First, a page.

Quaternary, Palaeogene volcanic districts of Scotland -introduction
|Emeleus, C H, and Bell, B R. 2005. British regional geology: The Palaeogene volcanic districts of Scotland. Fourth edition. Keyworth, Nottingham: British Geological Survey.|
Since the start of the Quaternary Period, about 1.8 million years ago, the Highlands and Islands of western Scotland have undergone several periods of glaciation during the Pleistocene Epoch. Initially, only the mountain tops were covered by ice, but evidence from offshore deposits indicates that at times during the last 750 000 years, the middle latitudes of Europe supported large ice sheets, which extended across much of the Scottish mainland (Boulton et al., 2002). The ice sheets grew and decayed in a rhythmic manner: cold periods (glacials) when the ice sheets grew were separated by shorter, warmer intervals (interglacials) when conditions were comparable with those of the present day. There were at least five glacial/interglacial cycles, each of about 100 000 years duration. Within the glacials, colder periods are known as stadials, and short, warmer periods, but probably not as warm as the interglacial periods, are known as interstadials. The most recent intense and widespread glaciation occurred during the Dimlington Stadial (Table 17) when much of the evidence of earlier glaciations, and pre-Quaternary weathering, was removed by erosion. The Quaternary record in the Hebrides is therefore very incomplete prior to about 26 000 years BP (before present). Many of the ages quoted for this period, and indeed up to about 60 000 years BP are in radiocarbon years. It should be noted that these may be significantly less than true ages in calendar years (e.g. Walker and Lowe in Gordon, 1997).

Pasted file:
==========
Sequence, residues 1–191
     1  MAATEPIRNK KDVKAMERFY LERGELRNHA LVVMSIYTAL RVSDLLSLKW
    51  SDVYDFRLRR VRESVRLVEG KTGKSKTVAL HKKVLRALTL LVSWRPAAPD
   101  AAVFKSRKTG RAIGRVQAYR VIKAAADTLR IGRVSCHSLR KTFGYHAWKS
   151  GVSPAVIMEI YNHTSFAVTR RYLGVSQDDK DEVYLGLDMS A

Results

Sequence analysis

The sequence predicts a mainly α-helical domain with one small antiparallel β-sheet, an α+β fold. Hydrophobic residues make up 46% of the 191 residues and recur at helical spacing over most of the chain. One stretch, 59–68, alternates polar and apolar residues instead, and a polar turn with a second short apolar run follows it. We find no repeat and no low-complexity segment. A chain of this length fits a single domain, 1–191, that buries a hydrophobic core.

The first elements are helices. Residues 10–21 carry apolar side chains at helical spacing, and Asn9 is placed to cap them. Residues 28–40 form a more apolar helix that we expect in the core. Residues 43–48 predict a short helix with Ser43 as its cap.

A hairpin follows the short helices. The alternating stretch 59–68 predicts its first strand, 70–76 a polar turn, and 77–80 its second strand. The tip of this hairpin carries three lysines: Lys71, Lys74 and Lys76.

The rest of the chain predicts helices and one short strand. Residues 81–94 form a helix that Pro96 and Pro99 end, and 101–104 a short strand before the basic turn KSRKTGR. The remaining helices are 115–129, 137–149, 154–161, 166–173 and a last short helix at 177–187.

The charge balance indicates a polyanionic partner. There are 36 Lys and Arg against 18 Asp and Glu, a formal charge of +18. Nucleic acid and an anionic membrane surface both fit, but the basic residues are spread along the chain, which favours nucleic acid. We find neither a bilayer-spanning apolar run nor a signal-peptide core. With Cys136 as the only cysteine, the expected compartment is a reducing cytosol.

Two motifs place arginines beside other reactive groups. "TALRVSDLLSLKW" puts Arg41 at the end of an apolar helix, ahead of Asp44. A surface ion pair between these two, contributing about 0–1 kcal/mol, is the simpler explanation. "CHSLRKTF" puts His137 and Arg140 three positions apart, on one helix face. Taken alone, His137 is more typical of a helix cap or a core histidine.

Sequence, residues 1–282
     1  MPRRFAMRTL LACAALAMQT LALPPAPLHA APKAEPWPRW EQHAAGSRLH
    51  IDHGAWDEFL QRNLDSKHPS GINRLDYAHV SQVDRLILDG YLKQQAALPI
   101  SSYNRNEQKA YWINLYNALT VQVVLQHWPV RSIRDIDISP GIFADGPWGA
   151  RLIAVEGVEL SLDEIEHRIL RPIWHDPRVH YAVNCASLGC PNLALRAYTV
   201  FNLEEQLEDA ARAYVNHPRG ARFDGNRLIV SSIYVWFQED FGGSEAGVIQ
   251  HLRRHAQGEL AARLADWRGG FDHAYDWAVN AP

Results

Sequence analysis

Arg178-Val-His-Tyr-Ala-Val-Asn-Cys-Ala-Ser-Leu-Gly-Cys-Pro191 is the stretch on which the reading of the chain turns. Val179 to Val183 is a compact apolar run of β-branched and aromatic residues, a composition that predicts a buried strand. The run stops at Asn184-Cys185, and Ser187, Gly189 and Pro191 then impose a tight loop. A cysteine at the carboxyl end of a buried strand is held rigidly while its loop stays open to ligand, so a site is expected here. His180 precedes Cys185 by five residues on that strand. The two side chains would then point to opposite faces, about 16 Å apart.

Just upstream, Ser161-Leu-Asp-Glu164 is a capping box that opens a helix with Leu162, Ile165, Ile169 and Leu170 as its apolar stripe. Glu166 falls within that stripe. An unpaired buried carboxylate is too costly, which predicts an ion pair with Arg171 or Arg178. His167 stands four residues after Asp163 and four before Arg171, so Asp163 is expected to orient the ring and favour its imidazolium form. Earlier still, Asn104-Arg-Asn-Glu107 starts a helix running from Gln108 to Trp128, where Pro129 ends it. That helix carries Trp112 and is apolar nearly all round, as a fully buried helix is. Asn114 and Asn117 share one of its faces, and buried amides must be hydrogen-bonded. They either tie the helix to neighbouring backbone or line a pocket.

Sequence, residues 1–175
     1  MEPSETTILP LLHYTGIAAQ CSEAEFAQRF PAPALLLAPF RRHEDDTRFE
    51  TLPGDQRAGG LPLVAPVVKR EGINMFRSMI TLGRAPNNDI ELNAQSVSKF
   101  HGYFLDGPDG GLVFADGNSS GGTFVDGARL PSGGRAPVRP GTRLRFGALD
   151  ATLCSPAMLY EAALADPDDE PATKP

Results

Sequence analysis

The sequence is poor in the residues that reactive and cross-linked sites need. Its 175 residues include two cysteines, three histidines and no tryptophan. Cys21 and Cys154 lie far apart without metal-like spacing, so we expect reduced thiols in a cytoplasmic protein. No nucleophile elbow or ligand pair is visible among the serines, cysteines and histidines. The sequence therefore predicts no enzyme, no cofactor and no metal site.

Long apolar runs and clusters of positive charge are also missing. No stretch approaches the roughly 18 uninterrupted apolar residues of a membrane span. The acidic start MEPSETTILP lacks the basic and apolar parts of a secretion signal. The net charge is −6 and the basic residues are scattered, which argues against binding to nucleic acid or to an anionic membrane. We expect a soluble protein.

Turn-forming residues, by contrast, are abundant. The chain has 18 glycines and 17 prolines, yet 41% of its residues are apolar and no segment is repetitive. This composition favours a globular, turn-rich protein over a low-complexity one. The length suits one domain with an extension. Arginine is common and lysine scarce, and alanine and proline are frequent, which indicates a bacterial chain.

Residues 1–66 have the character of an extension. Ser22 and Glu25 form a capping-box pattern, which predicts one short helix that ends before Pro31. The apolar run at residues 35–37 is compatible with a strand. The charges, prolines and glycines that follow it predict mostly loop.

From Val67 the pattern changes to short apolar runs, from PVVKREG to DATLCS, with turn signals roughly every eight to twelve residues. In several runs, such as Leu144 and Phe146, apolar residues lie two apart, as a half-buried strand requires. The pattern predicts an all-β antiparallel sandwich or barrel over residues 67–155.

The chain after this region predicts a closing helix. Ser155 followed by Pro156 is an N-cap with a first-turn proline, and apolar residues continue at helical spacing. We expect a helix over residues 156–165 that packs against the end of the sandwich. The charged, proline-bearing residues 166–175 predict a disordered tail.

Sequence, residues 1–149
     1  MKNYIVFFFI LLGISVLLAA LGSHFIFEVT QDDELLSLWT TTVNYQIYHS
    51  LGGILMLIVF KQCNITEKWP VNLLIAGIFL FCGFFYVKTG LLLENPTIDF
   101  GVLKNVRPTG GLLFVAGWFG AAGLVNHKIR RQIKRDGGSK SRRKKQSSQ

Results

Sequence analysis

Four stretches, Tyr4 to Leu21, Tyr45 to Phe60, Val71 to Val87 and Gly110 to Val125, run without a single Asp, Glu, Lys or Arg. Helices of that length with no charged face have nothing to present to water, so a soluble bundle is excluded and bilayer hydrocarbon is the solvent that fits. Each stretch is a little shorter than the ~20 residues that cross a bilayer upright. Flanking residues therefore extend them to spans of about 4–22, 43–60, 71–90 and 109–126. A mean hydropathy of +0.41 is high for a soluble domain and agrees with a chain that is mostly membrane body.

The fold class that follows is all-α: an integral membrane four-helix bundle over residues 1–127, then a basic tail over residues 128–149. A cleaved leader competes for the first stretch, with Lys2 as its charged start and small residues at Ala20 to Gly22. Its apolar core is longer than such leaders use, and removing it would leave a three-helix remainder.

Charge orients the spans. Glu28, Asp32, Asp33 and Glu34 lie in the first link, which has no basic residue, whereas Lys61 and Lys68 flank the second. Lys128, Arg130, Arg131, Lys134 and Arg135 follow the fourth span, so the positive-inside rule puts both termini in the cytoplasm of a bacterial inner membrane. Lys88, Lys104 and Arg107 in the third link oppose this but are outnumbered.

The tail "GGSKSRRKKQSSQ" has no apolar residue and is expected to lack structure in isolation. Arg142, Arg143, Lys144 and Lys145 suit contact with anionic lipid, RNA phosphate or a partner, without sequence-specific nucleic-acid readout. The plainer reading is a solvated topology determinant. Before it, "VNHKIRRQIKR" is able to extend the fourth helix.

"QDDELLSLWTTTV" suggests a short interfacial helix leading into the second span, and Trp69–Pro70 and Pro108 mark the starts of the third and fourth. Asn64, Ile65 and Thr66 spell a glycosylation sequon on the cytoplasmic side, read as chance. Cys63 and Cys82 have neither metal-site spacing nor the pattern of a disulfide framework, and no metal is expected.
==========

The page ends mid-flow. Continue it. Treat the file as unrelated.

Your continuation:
The effects of the Quaternary ice ages are visible throughout the Inner Hebrides, the western Scottish seaboard and on Arran. Morainic deposits are widespread (P580488). Valleys, hills and rock surfaces commonly exhibit signs of glacial erosion and moulding (P521672; P580489), and on the coastline numerous raised beaches and marine-cut benches provide evidence of changes in sea level (P914160; Plate 42). The large erosional features such as corries began to form during earlier glaciations, but the glacial deposits preserved on and around the mountain massifs of Skye, Rum, Mull and Arran belong largely to the Main Late Devensian glaciation, and were deposited during the Dimlington Stadial and in a subsequent, less extensive glaciation during the Loch Lomond Stadial (Table 17). The mountains attracted high precipitation, and under the prevailing cold conditions this led to the formation of glaciers and local ice caps. During the Main Late Devensian glaciation these glaciers and ice caps coalesced into ice domes, which interacted with ice from much larger sheets on the Scottish mainland (P914157).
By about 10 000 years BP, the climate had become more temperate and the local glaciers and ice caps had melted. This change defines the start of the Holocene Epoch, formerly known as the Postglacial Period, and probably another (as yet incomplete) interglacial. Shortly after this time, Man reached the area. Some of the earliest records of human activity in Scotland, of Mesolithic age, come from Staffin, Skye, and from Rum where the local bloodstone (Chapter 6) was fashioned into artefacts at Kinloch. Radiocarbon determinations obtained from charcoal and from hazelnut shells from this site range from 8590 ± 95 years BP to 7570 ± 50 years BP (Wickham-Jones and Woodman, 1998).
The Quaternary geology of the Inner Hebrides and Arran has been intensively studied over many years. The excellent field guides published by the Quaternary Research Association detail these researches for specific areas and contain useful discussions of Pleistocene processes and descriptions of numerous key localities (Mull:Walker et al., 1985; Skye: Ballantyne et al., 1991; south-west Highlands including Mull:Walker et al., 1992).